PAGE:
https://www.blackwellpublishing.com/ridley/a-z/Peacocks_Tail.asp

Your males have biologic horns and protuberances, and historically males with large and spectacular ornamentation of this sort were considered better mates. Some males figured out how to artificially enlarge and augment their horns and spikes by adding things they found - colorful rocks, jewels, and the like. It is possible for them to loosen and remove a spike and put a jewel in its place. I think of the weaverbirds, among which males with long tails are considered attractive by females. When biologists attached the tail of a dead bird to a live one, doubling its length, it got all the mates.

The result is body modification in pursuit of attractiveness. The horns and spikes your creatures have are placed there. Some are passed down in families, or might be taken from a defeated foe. These mineral spikes signify wealth, family and interest in being attractive on the part of the ornamented male.

Humans are no strangers to this sort of thing.

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As Pelinore in the comments so eloquently put, normal real life horns (or shells) is already a growing mineral-based protrusion that can resemble horns or spikes.

Or if the question is "what is a reason a sapient species would choose to grow protrusions that can resemble horns or spikes" Then I guess the answer would be the same reason animals do, to fight and hunt.

Alternatively: if the question is why the need to grow them back at a surprisingly high speed than my answer would be: The mineral(calcium equivalent) this species contains is weaker then calcium and needs to grow back fast in the eventuality a horn(weapon/tool) was damaged or lost.

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I'm reluctant to do something more exotic like, "this species' bones are made out of rock!" mostly because I wouldn't have all of the requisite knowledge to continually justify it or integrate it into the setting or the species' culture as smoothly as I would like.

This is actually what animals today already do. Skeletal hard parts are typically made of some kind of biomineral that the animal accumulates and secretes into its skeleton. Indeed, in some cases, like early vertebrates, one of the reasons why it is believed that bony skeletons were developed was as a way to store calcium and phosphorus ions for metabolic purposes (among other things, it buffers blood pH).

More specifically, vertebrate bone is composed of about 60% hydroxylapatite, the shells of many marine invertebrates are either calcite (e.g., clams, snails) or have a layer of calcium carbonate to strengthen the shell (most crustaceans). Diatoms, radiolarians, and some sponges use silica to build their shells, and apparently organisms in the past did enough of this that chert rarely forms under natural conditions anymore (because silica-using microorganisms use it all up). All of these materials exist in nature as crystalline minerals outside of living things.

More exotically, shrews and rodents incorporate iron compounds into their teeth, and polychaete worms use magnesium and zinc to construct their hard parts.

So really, all you would need is some hand-wavy justification as to how and why a species incorporates this mineral as part of its metabolism and life history. Bodily support is one option, as is defense or storage of minerals for laying eggs, maintaining blood pH, etc. External shells appear to be easier to develop than internal ones, because all it requires is secreting mineral plaques onto the outer surface of the body. As long as the mineral isn't something exceedingly rare, inert, or radioactive, there should be a chemical pathway to accomplish this.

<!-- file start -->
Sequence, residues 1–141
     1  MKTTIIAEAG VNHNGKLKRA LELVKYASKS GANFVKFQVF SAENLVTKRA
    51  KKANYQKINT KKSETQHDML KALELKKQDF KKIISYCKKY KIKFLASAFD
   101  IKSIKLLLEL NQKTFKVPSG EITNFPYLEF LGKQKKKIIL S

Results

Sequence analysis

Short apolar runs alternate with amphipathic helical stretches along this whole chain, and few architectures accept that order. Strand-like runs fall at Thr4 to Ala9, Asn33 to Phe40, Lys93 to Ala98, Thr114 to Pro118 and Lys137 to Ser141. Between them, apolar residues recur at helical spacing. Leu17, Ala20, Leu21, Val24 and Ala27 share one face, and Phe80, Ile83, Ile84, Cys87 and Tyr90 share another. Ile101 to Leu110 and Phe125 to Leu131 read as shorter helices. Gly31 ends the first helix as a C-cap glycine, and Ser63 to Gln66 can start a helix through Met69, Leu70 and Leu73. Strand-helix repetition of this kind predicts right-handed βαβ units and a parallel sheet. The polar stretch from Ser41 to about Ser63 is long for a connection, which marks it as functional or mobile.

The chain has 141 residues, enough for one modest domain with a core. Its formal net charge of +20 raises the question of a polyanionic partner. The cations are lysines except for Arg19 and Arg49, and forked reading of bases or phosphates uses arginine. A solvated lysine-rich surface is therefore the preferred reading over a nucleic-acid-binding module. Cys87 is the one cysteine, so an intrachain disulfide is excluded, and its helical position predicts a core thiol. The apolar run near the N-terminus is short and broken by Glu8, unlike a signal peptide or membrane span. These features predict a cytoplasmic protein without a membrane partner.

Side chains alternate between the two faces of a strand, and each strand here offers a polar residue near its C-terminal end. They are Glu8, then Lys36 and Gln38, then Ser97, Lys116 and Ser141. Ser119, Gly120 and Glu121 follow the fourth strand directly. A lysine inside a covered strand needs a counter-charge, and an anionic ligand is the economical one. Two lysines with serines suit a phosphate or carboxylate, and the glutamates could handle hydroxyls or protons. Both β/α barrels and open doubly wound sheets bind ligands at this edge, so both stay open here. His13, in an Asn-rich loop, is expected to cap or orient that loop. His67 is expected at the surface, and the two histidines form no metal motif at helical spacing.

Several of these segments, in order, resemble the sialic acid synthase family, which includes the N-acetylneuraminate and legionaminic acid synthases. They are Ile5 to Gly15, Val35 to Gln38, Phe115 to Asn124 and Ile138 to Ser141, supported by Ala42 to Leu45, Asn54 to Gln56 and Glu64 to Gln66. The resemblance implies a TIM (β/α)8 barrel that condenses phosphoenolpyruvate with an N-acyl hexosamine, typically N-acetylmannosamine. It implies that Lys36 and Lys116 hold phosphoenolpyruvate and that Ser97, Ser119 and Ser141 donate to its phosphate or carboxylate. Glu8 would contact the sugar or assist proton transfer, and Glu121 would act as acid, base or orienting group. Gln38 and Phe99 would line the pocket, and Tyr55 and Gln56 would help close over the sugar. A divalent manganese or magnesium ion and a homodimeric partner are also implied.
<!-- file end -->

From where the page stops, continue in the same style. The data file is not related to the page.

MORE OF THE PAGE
From there natural selection would shape the distribution of the mineral as needed. This is how we went from boxy armored fish with a cartilage skeleton to fish with no mineralized exoskeleton but a completely ossified endoskeleton and teeth.

Though, this in turn depends on how common the mineral is in the environment and what your species' metabolism is. For example, no Earth animal is probably ever going to have a skeleton made out of platinum, simply because platinum isn't very common and no organism has a metabolism that requires large accumulations of it.

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As Kezat explained, bone is already mineralized material.

For a couple examples on how nature can be nasty when giving weapons to animals, check the Stegosaurus, which had bony spikes at the end of its tail. And the Ankylosaurus, which had a heavy bone "club" at the end of its tail - paleontologists believe it was a blunt weapon.

Pachycephalosaurus also had a blunt bony weapon: the top of their heads. Their cranium could be 25cm thick at the top (~10 inches) and their backbone was made to absorb impact from that direction, so scientists believe those critters did a lot of headbutting.

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If you can't figure out how a single species would go about doing this naturally, you have two alternatives.

  • 'artifically' by the species themselves. (I've seen this mentioned in another answer so won't elaborate more)

  • 'symbiotically' by a secondary organism. It could be that your creatures horns are the perfect habitat for a completely different critter. Think of the horns as hard coral and the critter as coral polyps etc. This critter has some method to make the desired changes.

For example, the critter is some sort of filter feeder that while feeding pulls dust particles from the air. These metal/mineral particles pass through the critters digestive system and come out the other end as a sticky pile of $%&*. The critter moves the waste out of the way to the edges of the horny tunnel (haha) systems where it dries and hardens into a composite rocklike material. Over time, the dried wastes build up and the stony horns appear to grow. There could be a pronounced growth spurt of the horns during dry dusty times or during extensive stays in mines etc.

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Whenever I see a question like this I always think about diatoms. Diatoms are photosynthetic algae, they have a carbon based water mediated metabolism, like all "life as we know it", but instead of using starch or calcium compounds to build rigid structures like plants and animals respectively they use silica i.e. Quartz to create their exoskeletons. Silica is abundant in nature and is taken up by most plants and in some cases, most particularly grasses is found in their tissues in forms that could be digested with the proper adaptations.